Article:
The crusher came with about five minutes left in the game when Bengals punter Nick Harris, just picked off waivers Wednesday, probably sealed his fate when he dribbled a wobbler 32 yards and then saw Drew Haddad return it 29 yards. That set up Vanderjagt's 53-yard field goal with 4:20 left for the Colts' 23-17 lead.
The Bengals tied the game earlier in the third quarter on Rackers' 42-yard field goal that was set up by Mitchell's 32 yard pass to wide receiver Danny Farmer.
The first half that started so promising for Jon Kitna in his first appearance since winning the Bengals quarterbacks derby ended in boos on the last play of the half.
His Hail Mary pass on the half's last play didn't have a prayer when it went nowhere near a receiver or defender as the Bengals left the field trailing the Colts, 17-14.
Kitna led the Bengals to touchdowns on the first two possessions and strong safety Chris Carter stopped the Colts on his goal line with an interception as the Bengals broke to a 14-0 lead midway through the first quarter.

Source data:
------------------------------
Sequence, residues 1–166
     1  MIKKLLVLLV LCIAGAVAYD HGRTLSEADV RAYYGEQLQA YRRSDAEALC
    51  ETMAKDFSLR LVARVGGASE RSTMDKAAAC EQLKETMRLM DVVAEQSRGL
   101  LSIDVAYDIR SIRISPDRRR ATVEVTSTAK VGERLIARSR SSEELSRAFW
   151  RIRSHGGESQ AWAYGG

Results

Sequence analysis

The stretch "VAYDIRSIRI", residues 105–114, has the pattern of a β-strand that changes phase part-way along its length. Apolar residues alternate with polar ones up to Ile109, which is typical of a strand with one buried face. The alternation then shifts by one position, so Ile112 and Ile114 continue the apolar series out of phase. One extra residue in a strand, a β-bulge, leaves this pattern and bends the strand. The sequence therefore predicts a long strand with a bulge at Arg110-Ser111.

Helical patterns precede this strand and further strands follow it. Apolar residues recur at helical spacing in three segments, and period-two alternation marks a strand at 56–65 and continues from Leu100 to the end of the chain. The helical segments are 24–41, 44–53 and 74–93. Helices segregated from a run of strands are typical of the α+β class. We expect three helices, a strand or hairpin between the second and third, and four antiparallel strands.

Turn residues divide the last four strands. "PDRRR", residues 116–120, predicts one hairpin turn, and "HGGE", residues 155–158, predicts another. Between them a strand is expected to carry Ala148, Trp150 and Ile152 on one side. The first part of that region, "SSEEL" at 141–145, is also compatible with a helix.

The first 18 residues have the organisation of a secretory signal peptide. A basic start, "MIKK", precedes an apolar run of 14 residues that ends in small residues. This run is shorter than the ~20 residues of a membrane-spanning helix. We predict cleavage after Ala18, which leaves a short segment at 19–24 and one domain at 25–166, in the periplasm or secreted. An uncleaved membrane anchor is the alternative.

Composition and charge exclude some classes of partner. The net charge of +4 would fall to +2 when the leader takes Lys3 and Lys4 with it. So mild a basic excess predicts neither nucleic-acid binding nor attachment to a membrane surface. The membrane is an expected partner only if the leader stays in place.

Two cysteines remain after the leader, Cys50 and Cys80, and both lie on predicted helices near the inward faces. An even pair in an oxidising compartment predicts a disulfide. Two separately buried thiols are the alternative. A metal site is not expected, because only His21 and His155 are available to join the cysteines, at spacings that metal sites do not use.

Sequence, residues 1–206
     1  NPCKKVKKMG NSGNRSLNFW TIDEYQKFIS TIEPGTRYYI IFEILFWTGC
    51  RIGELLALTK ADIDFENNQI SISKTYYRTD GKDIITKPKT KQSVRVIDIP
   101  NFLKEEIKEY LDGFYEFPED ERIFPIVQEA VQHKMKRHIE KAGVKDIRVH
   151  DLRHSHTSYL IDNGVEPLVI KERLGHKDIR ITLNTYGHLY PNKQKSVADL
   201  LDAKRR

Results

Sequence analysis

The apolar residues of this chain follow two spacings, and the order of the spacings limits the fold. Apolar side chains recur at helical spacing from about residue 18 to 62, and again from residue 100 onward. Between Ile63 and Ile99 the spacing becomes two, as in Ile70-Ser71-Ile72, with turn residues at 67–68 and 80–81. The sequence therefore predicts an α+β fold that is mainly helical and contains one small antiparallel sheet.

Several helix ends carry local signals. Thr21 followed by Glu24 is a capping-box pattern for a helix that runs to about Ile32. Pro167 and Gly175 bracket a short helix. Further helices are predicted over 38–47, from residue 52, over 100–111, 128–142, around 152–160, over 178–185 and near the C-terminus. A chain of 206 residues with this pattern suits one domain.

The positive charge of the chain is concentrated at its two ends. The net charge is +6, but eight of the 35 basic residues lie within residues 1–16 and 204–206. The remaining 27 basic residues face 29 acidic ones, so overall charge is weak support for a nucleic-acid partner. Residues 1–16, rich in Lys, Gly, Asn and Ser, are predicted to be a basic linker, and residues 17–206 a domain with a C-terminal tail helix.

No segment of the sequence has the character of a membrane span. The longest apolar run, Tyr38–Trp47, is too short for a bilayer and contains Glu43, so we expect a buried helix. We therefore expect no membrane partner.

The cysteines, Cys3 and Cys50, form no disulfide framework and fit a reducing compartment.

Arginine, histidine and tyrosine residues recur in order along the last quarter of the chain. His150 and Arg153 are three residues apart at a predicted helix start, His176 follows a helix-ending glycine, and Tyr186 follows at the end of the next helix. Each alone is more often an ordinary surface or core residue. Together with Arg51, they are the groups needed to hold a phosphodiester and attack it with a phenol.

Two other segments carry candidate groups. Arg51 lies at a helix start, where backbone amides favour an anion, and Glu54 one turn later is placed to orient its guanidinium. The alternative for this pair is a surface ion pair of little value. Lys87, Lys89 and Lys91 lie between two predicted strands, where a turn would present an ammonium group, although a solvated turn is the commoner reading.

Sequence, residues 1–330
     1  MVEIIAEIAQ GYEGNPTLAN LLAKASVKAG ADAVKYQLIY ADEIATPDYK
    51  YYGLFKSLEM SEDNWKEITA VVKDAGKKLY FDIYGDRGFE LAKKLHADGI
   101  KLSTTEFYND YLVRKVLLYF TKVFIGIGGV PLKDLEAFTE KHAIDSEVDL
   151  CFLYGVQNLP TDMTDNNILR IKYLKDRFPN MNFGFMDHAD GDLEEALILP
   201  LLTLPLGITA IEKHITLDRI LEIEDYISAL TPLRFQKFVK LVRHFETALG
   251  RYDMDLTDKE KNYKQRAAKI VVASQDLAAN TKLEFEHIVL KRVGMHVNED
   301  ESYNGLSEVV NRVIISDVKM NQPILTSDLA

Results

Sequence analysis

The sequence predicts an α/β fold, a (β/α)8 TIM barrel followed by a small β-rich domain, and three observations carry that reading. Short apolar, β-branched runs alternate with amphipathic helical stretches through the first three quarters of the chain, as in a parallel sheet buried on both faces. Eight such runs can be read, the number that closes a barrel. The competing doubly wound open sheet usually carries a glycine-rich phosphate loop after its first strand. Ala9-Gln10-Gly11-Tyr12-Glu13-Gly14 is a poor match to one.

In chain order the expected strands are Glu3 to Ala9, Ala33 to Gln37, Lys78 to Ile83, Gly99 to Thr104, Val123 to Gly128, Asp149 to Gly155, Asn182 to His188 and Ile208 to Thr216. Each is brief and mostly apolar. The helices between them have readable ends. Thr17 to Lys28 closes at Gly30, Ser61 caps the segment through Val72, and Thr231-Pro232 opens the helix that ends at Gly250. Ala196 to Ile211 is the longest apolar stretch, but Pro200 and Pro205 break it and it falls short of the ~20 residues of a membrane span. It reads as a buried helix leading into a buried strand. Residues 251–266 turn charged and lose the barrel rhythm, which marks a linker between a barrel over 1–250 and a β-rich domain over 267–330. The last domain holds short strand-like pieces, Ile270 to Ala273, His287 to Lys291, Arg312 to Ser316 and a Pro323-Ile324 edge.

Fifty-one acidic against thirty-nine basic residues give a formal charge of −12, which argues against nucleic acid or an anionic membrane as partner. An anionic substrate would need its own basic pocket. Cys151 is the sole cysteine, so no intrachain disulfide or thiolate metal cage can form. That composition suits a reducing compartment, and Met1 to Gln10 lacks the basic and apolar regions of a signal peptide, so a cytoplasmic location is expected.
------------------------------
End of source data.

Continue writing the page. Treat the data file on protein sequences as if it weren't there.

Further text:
But Kitna's interception on the right sideline on a third-down pass intended for rookie wide receiver Chad Johnson at the Bengals 17 led to 17 straight points.
On their first play after the interception, the Colts sent running back Dominic Rhodes around left end for a touchdown to make it 14-7 with 4:37 left in the first quarter.
To make matters worse for a struggling run defense, tackle Tony Williams left the game for X-Rays on his sprained shoulder.
But Bengals Pro Bowl running back Corey Dillon looked in October form.